be applied prospectively only, the presumption of retroactivity remains. Still to be determined is the question of whether it would be a manifest injustice to apply the statute retroactively.
In determining whether retroactive application would be a manifest injustice, three factors are to be considered: "1) the nature and identity of the parties; 2) the nature of the rights affected; and 3) the impact of the change in law on pre-existing rights." Wright, 942 F.2d at 1096 (quoting In re Busick, 831 F.2d 745, 748 (7th Cir. 1987)). The first factor concerns whether the matter is one between private parties only or one that involves a public entity or public concern. If only involving private concerns, then a court should be more reticent in applying a new statute retroactively if there is an undue impact on the parties' previously existing rights or relationship. That the circumstances involve private parties only, though, does not preclude retroactive enforcement. See, e.g., Busick, 831 F.2d 745 at 748 at 748-49 . Here, the case is between private parties only. However, the 1991 Act, like the Civil Rights Act of 1964, is intended to promote equality in our nation and provide a remedy for discrimination. This is a public concern of great importance in our society. While the present case is not one where the plaintiff is acting in the role of a "private attorney general," see Bradley, 416 U.S. at 719, the public component of the dispute between the parties cannot be ignored. The 1991 Act itself generated great public interest and substantial political dispute. While the private nature of this particular litigation is recognized, it is also recognized that this case and the legislation under consideration involve matters of substantial public concern.
The second factor to consider is the nature of the rights involved. The question here is whether application of the new law "would infringe upon or deprive a person of a right that had matured or become unconditional." Bradley, 416 U.S. at 720. The parties do not have a substantial right to a bench trial, whereas the right to a jury trial, even if statutorily granted, is entitled to substantial protection. See Fed. R. Civ. P. 38(a). The second factor does not go against applying the provisions for a jury trial retroactively.
Scarboro v. First American National Bank of Nashville, 619 F.2d 621, 622 (6th Cir.) (per curiam), cert. denied, 449 U.S. 1014, 66 L. Ed. 2d 472 , 101 S. Ct. 572 (1980) (amendment to Age Discrimination in Employment Act providing for jury trial applies retroactively).
That the holding of Patterson v. McLean Credit Union, 491 U.S. 164, 105 L. Ed. 2d 132 , 109 S. Ct. 2363 (1989), has been effectively superseded as to its limitation of § 1981 actions also does not affect a matured right of defendant. The discriminatory conduct alleged by plaintiff began prior to the holding in Patterson. Therefore, at the time the conduct began, the prevailing law was consistent with the 1991 Act's amendments to § 1981. Also, from the beginning of defendant's alleged conduct until the passage of the 1991 Act, the conduct alleged was always prohibited by Title VII even if not by § 1981 to the extent Patterson was in force. Therefore, the change in the law did not affect the rights and obligations of the parties. See Bradley, 416 U.S. at 721; Hicks v. Resolution Trust Corp., 738 F. Supp. 279, 286 (N.D. Ill. 1990). What changed is plaintiff's ability to obtain additional damages for her injuries, though her Equal Pay Act claim already permitted her to obtain liquidated damages. The increased potential for damages, however, is not likely to have affected the conduct of the parties in committing any acts of discrimination that may have occurred. See Hicks, 738 F. Supp. at 286. While it is possible that prior knowledge of the full potential for liability might have affected the parties' settlement posture, no such argument is presented by defendant so it need not be considered whether such an effect could be a manifest injustice.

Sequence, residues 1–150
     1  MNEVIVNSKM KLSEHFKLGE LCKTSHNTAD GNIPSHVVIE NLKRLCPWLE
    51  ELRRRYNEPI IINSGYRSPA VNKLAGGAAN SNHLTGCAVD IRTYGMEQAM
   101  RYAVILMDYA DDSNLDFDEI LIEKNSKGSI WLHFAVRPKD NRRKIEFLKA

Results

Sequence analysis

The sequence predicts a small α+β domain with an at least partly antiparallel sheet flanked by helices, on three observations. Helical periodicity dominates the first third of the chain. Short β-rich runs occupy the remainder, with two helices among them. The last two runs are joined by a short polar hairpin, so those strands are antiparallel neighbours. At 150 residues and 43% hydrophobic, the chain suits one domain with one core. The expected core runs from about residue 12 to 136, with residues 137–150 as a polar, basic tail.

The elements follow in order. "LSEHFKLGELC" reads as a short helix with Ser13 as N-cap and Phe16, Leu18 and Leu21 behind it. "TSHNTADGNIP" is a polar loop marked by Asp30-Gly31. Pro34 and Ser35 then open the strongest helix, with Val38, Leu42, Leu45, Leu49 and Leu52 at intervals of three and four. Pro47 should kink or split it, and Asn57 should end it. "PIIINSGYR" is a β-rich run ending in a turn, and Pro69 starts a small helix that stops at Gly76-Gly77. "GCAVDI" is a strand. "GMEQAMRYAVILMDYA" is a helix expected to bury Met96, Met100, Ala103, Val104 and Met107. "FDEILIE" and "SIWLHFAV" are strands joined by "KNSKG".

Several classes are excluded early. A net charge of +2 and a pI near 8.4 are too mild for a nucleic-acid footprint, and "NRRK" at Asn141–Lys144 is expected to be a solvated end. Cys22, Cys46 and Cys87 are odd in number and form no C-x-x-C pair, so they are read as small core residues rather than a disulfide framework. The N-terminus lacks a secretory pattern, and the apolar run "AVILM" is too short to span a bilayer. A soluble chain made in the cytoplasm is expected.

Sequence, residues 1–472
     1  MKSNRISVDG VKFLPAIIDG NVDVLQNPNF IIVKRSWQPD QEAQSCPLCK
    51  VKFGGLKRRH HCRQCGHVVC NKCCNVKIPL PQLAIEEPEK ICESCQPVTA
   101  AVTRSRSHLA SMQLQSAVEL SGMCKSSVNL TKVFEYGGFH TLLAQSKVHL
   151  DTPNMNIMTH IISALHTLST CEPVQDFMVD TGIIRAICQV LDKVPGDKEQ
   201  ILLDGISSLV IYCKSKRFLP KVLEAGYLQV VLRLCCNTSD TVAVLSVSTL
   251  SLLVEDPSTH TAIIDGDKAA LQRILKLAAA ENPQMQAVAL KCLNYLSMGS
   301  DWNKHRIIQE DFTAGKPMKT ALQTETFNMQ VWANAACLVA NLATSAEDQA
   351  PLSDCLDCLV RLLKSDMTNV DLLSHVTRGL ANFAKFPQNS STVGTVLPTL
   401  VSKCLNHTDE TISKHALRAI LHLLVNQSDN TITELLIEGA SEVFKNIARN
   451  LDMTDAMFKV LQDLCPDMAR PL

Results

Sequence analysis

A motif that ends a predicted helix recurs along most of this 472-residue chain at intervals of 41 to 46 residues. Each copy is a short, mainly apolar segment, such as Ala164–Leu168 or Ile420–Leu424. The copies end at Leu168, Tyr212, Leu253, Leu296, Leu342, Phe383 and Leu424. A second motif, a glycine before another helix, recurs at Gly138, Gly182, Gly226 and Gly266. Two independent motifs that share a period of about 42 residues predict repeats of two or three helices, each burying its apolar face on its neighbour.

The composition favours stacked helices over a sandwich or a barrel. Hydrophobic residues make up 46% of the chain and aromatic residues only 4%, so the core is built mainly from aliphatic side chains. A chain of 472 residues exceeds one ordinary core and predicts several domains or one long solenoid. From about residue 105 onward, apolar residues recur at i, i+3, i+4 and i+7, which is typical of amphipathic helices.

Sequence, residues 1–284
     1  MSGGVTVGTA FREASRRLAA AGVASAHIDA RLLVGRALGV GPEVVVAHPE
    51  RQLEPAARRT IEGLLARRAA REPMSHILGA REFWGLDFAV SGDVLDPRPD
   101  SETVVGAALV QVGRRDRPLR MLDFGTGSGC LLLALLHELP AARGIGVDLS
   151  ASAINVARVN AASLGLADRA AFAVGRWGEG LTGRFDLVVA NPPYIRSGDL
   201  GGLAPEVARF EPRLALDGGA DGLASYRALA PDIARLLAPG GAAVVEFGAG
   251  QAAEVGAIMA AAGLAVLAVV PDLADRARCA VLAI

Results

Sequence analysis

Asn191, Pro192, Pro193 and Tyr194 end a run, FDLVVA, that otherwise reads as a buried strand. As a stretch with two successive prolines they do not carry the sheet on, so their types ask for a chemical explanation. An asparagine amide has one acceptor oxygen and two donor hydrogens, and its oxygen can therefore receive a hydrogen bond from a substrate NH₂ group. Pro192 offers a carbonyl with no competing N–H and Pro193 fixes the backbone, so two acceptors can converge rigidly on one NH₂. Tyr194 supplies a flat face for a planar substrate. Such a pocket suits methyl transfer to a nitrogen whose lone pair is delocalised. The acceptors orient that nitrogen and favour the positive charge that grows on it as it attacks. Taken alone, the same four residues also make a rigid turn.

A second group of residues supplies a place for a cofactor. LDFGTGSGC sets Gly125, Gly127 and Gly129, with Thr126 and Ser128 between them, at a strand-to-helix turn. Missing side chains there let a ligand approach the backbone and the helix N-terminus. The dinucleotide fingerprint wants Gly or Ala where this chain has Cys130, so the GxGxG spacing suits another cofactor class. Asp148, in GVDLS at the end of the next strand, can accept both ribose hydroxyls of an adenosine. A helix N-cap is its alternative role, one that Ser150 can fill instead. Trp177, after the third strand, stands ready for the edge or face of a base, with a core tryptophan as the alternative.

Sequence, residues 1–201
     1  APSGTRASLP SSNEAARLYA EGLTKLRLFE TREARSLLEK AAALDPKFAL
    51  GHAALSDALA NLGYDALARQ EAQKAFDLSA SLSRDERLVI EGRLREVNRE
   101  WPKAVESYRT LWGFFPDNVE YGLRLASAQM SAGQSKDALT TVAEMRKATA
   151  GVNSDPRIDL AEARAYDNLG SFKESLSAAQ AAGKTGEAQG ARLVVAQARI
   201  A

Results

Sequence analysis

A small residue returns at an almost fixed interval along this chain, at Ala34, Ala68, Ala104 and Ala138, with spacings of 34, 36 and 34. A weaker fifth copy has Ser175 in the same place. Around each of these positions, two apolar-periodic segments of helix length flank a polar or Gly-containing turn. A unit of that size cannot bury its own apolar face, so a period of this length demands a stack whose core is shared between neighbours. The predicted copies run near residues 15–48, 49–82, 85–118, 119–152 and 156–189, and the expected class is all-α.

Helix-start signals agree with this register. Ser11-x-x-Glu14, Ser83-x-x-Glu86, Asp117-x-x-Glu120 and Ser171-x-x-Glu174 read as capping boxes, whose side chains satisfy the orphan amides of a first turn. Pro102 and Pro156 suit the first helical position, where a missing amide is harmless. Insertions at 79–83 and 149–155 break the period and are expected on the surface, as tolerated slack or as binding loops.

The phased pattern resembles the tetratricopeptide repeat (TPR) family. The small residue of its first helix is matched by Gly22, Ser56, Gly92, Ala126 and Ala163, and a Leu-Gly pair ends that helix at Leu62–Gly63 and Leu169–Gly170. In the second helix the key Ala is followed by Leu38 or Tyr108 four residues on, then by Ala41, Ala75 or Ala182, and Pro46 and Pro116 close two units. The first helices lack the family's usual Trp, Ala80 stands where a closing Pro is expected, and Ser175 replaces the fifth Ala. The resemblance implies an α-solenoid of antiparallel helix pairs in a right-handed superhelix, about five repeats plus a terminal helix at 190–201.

The third factor is the impact of the change in the law upon existing rights. Stated another way, this factor concerns "the possibility that new and unanticipated obligations may be imposed upon a party without notice or an opportunity to be heard." Bradley, 416 U.S. at 720. As previously discussed, the law was already clear that the alleged conduct of defendant was prohibited. Given this fact and that there was no apparent effect on conduct, this factor does not militate against applying the statute retroactively. Cf. id. at 721; Hicks, 738 F. Supp. at 286.
For the foregoing reasons, it is determined that retroactive application of the 1991 Act would not be a manifest injustice.
IT IS THEREFORE ORDERED that:
(1) Plaintiff's motion to amend her complaint is granted. An amended complaint shall be filed by December 2, 1991. That amended complaint may demand a jury trial and pray for compensatory and punitive damages consistent with the provisions of the Civil Rights Act of 1991.
(2) The Civil Rights Act of 1991 is applicable to plaintiff's claims. At the commencement of trial on December 2, 1991, each party shall present the trial judge with an original and one copy of her or its amended proposed jury instructions consistent with this holding.
William T. Hart
UNITED STATES DISTRICT JUDGE
Dated: NOVEMBER 27, 1991